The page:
Government Updates First Home Super Saver Scheme

The First Home Super Saver Scheme (FHSSS) is set to undergo significant changes, providing more flexibility and opportunities for first-home buyers. Initially introduced in the 2017/18 fiscal year, the FHSSS enables individuals to make voluntary contributions to the superannuation system and subsequently withdraw those contributions and associated earnings for use as a deposit when purchasing or constructing their first home.

Under current regulations, individuals have a mere 14-day window to request a release authority once they’ve entered into a home purchase or construction contract. However, recent legislation passed on September 8th has expanded this timeframe, granting FHSSS users a more generous 90-day period to request a release of their savings following a property contract agreement.

The Treasury Laws Amendment (2023 Measures No. 3) Bill 2023, which was part of a broader legislative package passed last week, introduces further improvements to the FHSSS. It now allows applicants to amend or revoke their FHSS Scheme applications before receiving an FHSS Scheme amount, and permits those who have previously withdrawn to re-apply for FHSS Scheme releases in the future.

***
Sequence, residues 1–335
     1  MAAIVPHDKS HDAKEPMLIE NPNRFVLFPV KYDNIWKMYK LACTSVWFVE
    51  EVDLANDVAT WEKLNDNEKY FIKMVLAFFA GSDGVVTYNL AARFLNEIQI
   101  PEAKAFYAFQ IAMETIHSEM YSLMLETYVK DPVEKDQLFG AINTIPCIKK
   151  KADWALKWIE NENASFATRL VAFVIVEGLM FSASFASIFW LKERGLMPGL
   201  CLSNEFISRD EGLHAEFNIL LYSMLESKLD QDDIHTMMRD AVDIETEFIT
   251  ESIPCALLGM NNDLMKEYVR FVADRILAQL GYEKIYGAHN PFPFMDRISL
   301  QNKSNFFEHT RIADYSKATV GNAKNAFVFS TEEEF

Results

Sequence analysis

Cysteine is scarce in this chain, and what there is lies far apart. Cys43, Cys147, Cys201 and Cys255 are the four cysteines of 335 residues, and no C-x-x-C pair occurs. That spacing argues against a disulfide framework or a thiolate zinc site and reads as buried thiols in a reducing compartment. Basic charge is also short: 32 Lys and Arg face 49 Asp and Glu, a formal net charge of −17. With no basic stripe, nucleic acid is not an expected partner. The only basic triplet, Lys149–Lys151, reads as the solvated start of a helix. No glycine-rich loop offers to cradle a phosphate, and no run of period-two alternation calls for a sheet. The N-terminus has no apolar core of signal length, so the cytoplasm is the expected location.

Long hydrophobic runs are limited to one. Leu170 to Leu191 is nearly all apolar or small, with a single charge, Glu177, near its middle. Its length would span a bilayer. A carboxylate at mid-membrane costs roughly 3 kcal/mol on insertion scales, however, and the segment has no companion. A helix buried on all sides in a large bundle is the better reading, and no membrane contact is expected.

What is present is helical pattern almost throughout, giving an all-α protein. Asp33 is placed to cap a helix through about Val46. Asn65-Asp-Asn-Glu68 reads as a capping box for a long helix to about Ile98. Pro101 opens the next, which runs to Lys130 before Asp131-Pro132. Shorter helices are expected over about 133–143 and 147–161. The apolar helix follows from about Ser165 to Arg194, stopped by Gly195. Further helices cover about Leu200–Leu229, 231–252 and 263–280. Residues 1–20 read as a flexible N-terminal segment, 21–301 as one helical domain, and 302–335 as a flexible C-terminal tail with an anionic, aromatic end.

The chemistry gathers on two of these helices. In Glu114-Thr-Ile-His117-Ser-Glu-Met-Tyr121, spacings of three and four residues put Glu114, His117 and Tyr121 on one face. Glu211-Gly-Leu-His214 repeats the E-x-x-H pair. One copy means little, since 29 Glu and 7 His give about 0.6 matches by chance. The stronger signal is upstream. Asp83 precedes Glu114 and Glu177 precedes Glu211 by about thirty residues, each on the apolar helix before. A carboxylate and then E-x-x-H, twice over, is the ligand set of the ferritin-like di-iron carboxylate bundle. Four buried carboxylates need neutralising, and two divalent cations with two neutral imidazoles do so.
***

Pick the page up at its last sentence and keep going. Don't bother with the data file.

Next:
Moreover, the bill empowers the Commissioner of Taxation to return FHSS Scheme amounts to superannuation funds, provided the amount has not yet been released to the individual. Notably, it clarifies that FHSS Scheme amounts returned by the Commissioner of Taxation to superannuation funds are treated as non-assessable, non-exempt income for the funds and do not count towards individuals’ contribution caps.

These technical modifications apply retrospectively to FHSS Scheme applications made from July 1, 2018.

Assistant Treasurer and Financial Services Minister Stephen Jones MP commented on these changes, noting that the amendments aim to address significant issues within the scheme, making it easier for young Australians to pursue homeownership through the First Home Super Saver Scheme. Minister Jones explained, “The FHSSS, originally introduced by the previous government, suffered from administrative shortcomings, including the inability to rectify application mistakes and rigid timeframes.” He continued, “Under the former government’s scheme, Australians were promised support to buy a home but were left stranded and disappointed, affecting around 4,000 Australians. These changes will also benefit eligible individuals who applied from July 1, 2018, enabling those who engaged in the scheme in good faith to finally access the money they saved for their first home purchase. This illustrates the commitment of the Albanese Government to delivering meaningful outcomes for all Australians.”

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